A shabby, dazed, young man slumps on his rump over one of the benches of a busy community laundry. As the women scrub their family’s clothes or those they’ve put out for hire, the man cuddles a greasy, white, plastic canister of glue with his nose stuck down deep in it as much as his face will allow.

Two men with sawed-off shotguns stand in front of a Burger King. The police, who work long, boring hours and lack the public’s respect, are unable to guarantee order consistently so business owners hire private guards to protect themselves, their customers, and their property.

Even on Saturdays the young women of the sweatshop factories, the maquiladoras, rouse themselves to report to work at 6 a.m. where they will spend the next 14 hours sewing fashion clothing soon be sold in stores all over the United States.

It’s dark at 6 p.m. in November and by 8 the streets of La Chacra, one of the poorest neighborhoods in the capital city of San Salvador, are deserted because the 30,000 residents close up their shops and lock the doors of their homes in order to secure themselves against the vagrancies of warring youth gangs with guns and drugs.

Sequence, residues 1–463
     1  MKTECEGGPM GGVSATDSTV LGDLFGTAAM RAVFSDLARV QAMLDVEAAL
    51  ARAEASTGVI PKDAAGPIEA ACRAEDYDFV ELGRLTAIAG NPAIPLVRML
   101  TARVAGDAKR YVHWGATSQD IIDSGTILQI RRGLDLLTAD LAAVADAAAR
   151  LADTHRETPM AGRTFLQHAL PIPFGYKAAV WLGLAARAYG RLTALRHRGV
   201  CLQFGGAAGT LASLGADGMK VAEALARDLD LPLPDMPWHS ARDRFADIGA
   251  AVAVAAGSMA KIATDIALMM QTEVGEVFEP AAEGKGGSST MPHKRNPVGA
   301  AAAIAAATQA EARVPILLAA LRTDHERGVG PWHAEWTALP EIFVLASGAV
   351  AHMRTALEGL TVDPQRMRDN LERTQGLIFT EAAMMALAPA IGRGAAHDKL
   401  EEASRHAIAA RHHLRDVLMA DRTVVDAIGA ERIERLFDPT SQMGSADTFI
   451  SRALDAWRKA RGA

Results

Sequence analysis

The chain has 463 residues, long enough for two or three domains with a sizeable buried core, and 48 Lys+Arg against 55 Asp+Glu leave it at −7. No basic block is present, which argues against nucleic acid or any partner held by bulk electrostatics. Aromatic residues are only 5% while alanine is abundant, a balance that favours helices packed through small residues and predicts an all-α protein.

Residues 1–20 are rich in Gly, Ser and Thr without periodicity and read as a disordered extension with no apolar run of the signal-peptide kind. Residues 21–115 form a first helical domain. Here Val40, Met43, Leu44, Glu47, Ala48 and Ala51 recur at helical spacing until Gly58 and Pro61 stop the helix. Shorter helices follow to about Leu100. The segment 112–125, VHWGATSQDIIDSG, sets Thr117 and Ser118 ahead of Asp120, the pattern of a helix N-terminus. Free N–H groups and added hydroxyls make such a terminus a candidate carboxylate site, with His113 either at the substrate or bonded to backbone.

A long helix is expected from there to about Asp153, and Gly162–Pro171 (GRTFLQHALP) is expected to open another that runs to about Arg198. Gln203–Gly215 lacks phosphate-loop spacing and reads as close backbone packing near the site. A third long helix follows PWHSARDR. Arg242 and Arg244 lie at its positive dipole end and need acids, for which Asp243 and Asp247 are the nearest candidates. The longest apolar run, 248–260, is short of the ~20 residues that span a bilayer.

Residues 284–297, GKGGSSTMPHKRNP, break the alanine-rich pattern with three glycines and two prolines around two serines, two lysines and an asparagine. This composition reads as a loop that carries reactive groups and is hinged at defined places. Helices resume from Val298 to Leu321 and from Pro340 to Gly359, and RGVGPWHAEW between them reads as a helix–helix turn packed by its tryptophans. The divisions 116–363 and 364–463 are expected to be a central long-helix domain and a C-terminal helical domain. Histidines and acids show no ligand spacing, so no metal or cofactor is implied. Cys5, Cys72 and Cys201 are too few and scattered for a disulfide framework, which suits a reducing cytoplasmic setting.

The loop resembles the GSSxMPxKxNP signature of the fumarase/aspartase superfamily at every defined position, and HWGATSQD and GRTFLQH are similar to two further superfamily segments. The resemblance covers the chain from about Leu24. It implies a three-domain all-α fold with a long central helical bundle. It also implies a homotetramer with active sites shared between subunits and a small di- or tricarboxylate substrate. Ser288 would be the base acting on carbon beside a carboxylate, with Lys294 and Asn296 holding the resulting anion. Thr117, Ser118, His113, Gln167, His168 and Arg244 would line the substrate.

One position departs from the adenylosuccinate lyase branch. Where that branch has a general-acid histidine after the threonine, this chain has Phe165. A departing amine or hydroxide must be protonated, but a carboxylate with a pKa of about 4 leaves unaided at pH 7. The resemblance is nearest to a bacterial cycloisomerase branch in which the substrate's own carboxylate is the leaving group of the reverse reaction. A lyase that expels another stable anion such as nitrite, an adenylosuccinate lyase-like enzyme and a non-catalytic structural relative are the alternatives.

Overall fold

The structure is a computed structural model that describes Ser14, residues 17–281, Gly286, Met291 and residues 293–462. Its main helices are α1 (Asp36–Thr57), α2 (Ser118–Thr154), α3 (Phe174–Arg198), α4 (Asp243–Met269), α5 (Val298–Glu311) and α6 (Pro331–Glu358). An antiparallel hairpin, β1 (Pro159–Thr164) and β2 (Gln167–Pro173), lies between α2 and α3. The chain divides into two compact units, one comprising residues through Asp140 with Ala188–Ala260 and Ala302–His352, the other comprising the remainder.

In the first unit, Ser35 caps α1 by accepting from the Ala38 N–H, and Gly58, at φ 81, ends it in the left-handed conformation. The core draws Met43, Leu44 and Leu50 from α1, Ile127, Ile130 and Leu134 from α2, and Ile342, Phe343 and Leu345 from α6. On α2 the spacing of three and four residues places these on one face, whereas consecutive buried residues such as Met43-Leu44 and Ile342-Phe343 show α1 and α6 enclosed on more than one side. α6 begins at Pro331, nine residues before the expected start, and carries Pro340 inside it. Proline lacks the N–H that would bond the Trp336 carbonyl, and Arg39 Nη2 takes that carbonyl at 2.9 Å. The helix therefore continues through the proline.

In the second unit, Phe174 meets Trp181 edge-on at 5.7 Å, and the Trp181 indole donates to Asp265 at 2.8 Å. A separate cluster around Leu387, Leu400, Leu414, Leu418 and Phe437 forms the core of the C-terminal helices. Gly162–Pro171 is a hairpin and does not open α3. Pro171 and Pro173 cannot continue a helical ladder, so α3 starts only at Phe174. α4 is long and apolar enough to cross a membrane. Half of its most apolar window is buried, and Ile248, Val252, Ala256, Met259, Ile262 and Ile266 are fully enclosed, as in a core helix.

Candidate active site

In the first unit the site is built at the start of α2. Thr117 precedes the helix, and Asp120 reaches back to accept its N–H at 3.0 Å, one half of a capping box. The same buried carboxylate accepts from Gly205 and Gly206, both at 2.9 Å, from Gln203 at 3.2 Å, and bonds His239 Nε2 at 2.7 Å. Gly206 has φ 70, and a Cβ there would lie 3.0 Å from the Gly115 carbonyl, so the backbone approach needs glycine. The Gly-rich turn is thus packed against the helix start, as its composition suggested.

The polluted Rio Acelhuate runs through La Chacra but the kids who play in it and their families who use it for watering animals lack an understanding of basic public health principles. This means that they typically suffer physical ailments from their poverty: dermatitis and fungus (skin diseases caused by wet feet and close contact with garbage), gastro-intestinal conditions (from parasites), diabetes, arthritis, and hypertension.

It’s easy to see why upper respiratory diseases are so prevalent in the city. A thick, black cloud constantly hovers over the city due to all the diesel emissions of cars and especially the buses. At rush hour you can hardly breathe the air it is so polluted. Even the rain offers no relief and summer must be awful when the seamy, humid tropical air adds to this noxious soup.